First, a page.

Partnership for a Drug-Free America

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Partnership for a Drug Free America is a nonprofit organization that helps parents prevent, intervene in and find treatment for drug and alcohol use by their children.

Basic description

Bringing together renowned scientists, parent experts, and communications professionals, the Partnership translates current research on teen behavior, addiction, and treatment into easy to understand resources at For parents who need help talking with their kids about drugs, alcohol and other risky behaviors, offers tips and tools promoting parent/child communication. Time To Act is a step-by-step guide for parents who believe or are sure that their teens are drinking or using drugs and need to know what to do.

The Partnership has won numerous advertising and efficacy awards for its PSA campaigns, which over the past two decades, have targeted other illegal drugs like heroin, methamphetamine, Ecstasy and other club drugs. But the current drug landscape has changed drastically as kids have become more savvy than generations before them. Through technology, American youth literally have the world at their fingertips, making it even more important for parents to breakthrough as the prominent influence in their kids’ lives.

Over the past several years, the Partnership has evolved and expanded its mission to include underage drinking and has focused on parents, not only in preventing teen substance abuse, but in getting help for a child who is struggling with drugs or drinking, dedicated the lion’s share of efforts in developing science-based, online resources. The Partnership promotes these to parents and caregivers, utilizing long-standing relationships with advertising agencies, media, government and business.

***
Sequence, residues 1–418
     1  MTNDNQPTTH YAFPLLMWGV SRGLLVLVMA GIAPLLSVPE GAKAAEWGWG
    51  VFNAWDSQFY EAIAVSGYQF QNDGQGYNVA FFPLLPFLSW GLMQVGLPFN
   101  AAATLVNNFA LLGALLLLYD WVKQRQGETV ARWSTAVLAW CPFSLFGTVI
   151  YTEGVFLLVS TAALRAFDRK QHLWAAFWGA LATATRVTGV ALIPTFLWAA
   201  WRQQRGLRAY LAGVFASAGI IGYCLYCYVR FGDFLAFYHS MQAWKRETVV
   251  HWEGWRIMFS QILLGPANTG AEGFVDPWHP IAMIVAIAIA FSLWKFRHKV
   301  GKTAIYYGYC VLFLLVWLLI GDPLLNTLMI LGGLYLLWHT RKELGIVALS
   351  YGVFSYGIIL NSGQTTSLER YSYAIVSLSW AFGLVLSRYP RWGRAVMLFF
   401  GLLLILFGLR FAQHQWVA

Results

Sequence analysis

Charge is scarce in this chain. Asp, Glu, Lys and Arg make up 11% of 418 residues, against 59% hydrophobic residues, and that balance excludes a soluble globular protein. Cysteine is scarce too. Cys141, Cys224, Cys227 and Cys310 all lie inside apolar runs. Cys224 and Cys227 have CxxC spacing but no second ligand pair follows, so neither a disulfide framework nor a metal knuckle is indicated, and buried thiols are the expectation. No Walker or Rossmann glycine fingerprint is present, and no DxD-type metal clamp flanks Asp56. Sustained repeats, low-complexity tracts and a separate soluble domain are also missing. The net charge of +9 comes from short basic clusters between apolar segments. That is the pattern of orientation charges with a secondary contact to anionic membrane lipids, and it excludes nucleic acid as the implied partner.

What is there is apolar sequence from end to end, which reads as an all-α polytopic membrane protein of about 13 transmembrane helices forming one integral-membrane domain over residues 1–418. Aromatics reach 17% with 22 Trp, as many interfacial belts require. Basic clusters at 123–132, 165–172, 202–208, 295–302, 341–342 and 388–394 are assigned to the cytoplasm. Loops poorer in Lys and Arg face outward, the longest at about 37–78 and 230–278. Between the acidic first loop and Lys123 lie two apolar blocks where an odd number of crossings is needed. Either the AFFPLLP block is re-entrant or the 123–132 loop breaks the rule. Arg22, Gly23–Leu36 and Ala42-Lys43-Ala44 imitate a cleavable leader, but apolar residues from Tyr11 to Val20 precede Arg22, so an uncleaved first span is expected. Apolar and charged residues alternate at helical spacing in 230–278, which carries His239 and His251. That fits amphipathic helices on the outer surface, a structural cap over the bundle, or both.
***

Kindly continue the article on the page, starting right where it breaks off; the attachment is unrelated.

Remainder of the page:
In the mid-1980s, a small group of advertising professionals discussed how to best use their talents to address the nation’s drug problem. They thought, if advertising could be used to sell products, couldn’t it be used to unsell them as well?

This core team formed the Media-Advertising Partnership for a Drug-Free America, a concept for a non-profit organization born from the American Association Advertising Agencies (AAAA). The idea was to harness the power of the media, coupled with compelling research-based consumer advertising, to turn the tide on drug abuse trends, specifically among teens and youth. At the time, the nation was in the throes of the crack cocaine epidemic and the Partnership focused its efforts to help reduce demand for those drugs through public service advertising (PSA) campaigns.

The organization first entered the wider public consciousness in 1987, with its This is Your Brain on Drugs broadcast and print public service advertisements (PSAs), which used the analogy that if a person's brain is an egg, then using drugs would be like frying it.


Accessed April 2013: [1]

Directors Emeriti]]

Science Advisory Board

Accessed April 2013: [2]

  • Ken Winters - Chair - University of Minnesota Director, Section on Adolescents Treatment Research Institute